Local Beaches & Pier The Go For Whiting

Big tides from now on for the next couple of months will see pretty much our best local beach fishing for whiting. The north-facing local town beaches will see good numbers of "summeries" feeding up in the shallow water during the late flood and early ebb tide.

At present, until the northerlies kick into gear in earnest in the near future, our beach waters are a little too clear for significant daytime whiting action. The biggest of the new moon tides might trigger some activity in the early mornings; however, night sessions will be the go and will see some great catches from the Torquay – Urangan stretch of beach.

Nocturnal whiting fishos have been scoring a good feed from the first section of the Urangan Pier. Using the pier as your chosen platform gets you up off the sand and offers a unique opportunity to fish lightly-weighted baits tossed up-current and wound back with the tide. Moving baits of yabby or worm attract a better class of whiting than those anchored unnaturally to the bottom.

The late mail from the pier fishos is that there has been some good spanish mackerel taken in recent days. The influx of undersized schoolies to local waters has undoubtedly drawn the spanish, being a major predator of the juvie macks. Using undersized mackerel for live bait is illegal by the way, so don’t be tempted. A lot of the local pier regulars favour Flasha Spoons for their mackerel (and just about every other passing pelagic) and a high-speed retrieve will usually draw a strike.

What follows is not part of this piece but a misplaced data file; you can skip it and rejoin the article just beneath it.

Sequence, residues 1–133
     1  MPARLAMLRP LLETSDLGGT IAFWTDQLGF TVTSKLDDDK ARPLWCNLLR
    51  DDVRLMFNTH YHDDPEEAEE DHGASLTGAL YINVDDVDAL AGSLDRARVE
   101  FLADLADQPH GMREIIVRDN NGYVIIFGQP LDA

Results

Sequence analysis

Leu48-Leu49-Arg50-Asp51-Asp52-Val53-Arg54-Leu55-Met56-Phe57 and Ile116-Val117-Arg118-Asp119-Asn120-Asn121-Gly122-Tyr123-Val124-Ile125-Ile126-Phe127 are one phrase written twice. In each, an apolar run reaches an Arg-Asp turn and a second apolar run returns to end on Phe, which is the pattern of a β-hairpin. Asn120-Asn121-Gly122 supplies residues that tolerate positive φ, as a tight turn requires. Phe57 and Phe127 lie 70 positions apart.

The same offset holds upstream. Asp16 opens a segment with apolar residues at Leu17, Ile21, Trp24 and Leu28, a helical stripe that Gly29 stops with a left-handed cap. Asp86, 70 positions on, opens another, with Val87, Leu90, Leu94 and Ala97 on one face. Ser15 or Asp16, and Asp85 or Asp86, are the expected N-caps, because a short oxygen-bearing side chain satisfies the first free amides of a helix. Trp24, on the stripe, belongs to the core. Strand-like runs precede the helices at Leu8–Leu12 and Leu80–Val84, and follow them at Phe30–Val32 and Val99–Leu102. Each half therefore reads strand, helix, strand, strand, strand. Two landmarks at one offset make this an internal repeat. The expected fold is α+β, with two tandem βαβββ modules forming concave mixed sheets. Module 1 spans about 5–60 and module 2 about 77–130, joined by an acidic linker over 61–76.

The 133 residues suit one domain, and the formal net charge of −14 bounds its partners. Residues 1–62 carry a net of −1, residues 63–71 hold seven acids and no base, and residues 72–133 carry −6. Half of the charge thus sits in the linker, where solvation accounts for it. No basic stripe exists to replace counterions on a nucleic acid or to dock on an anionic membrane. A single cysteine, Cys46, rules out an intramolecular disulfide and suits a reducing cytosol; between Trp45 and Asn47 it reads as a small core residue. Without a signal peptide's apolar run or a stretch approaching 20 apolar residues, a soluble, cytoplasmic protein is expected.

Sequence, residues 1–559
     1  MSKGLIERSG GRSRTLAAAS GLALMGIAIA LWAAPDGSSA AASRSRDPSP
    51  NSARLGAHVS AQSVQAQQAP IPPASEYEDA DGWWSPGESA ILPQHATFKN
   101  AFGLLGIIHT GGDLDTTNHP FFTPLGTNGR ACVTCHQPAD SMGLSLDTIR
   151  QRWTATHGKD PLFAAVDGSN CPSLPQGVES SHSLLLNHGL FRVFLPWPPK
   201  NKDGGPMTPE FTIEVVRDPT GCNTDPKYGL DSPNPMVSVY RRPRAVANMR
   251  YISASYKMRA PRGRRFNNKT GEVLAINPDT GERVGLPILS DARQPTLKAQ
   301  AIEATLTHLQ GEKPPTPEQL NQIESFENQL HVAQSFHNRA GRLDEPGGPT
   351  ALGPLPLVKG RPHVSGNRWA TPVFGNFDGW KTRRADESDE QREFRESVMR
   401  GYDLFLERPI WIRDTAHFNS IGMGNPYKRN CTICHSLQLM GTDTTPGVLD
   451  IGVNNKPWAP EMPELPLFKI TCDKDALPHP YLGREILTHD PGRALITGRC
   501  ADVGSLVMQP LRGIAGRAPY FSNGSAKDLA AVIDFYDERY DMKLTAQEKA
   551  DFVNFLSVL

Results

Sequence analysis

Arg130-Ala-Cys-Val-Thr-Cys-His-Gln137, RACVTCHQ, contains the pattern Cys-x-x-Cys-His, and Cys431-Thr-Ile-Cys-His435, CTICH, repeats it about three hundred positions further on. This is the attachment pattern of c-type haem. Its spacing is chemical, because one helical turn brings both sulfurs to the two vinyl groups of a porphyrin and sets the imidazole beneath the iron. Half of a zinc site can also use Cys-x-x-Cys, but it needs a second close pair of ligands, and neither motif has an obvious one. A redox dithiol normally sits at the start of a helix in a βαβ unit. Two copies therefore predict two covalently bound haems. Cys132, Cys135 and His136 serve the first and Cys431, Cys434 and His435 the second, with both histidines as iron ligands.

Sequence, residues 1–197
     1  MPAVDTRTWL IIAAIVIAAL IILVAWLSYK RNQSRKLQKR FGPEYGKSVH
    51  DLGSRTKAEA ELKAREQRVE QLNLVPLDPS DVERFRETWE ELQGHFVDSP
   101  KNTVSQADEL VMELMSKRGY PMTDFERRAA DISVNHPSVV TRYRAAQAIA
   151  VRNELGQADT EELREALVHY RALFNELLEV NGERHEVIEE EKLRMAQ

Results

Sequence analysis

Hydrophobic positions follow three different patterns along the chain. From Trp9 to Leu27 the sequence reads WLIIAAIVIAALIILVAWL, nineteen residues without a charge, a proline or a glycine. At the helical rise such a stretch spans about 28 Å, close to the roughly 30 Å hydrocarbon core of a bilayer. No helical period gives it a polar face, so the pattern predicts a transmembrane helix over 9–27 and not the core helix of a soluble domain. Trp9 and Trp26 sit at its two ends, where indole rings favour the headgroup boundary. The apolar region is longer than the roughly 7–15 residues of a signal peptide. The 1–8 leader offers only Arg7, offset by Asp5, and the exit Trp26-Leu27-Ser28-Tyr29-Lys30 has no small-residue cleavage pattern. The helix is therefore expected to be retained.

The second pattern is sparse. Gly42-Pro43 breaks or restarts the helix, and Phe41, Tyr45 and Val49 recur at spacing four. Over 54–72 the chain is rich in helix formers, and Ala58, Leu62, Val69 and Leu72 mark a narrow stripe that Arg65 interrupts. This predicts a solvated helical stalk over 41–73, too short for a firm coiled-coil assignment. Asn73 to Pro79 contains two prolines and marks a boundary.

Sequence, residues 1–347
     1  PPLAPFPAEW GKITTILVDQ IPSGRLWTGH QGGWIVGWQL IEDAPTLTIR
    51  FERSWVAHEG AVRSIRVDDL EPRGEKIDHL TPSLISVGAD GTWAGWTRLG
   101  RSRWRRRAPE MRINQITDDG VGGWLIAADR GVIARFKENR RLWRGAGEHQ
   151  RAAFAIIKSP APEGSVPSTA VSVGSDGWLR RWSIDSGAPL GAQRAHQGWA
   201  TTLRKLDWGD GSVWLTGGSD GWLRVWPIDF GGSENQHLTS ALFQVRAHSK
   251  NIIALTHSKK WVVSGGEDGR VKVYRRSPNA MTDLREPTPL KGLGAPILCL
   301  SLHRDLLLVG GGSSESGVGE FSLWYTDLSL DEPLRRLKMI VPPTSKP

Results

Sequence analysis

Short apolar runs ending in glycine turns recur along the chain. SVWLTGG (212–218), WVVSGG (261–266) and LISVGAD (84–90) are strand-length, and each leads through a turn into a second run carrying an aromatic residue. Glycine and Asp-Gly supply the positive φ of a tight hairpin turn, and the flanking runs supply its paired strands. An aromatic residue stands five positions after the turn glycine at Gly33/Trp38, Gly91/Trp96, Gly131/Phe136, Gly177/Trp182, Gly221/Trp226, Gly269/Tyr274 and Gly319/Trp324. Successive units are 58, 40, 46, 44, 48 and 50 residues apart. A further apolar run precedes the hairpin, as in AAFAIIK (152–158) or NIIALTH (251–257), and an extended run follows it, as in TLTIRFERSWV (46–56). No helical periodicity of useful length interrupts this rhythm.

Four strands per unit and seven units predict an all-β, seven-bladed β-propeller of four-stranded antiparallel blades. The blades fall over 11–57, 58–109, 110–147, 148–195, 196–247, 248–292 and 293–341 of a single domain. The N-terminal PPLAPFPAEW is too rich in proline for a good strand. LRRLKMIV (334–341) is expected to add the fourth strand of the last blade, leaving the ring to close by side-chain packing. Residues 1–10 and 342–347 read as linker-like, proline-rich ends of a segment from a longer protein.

Lenthalls Still Firing For Bass

For those looking for a freshwater fix, Lake Lenthalls offers a great local option with sensational bass fishing on offer plus the chance at some well-conditioned barra. The regular bass fishos out that way have been scoring particularly well for a couple of months now and word this week is that nothing has changed.

A Lenthall’s bass fisho’s arsenal can include a mix of small hardbodies, spinnerbaits, softies and topwater presentations, but it has been the small vibes, both hard and soft that have really been picking off the big numbers of late. Some folks well-attuned in the art of trolling are claiming they have found small bass in some areas and better fish in the mid-forties elsewhere, so move around and try different spots if you find yourself amongst the littlies.

We are informed that the gravel road into Lenthalls has been graded and is once again in good shape. This is good news for those looking to sneak out there chasing barra as the glorious spring days warm the lake’s waters. Enough incidental barra bycatch has been relayed back by bass fishos this winter that those actively targeting the barra should do so with great confidence.

Choose an afternoon session on a warm day and you should find barra quite willing to smash an array of lures. This little lake is very well stocked with fish ranging in size from little tackers to barra in the mid-eighties and is an easy option for those daunted by the vastness of the bigger barra dams further north.

And finally, a huge "Happy Father’s Day" to all the fisho dad’s out there. We hope you have a great day and get to play with some u-beaut new gear.

Good luck out there y’all.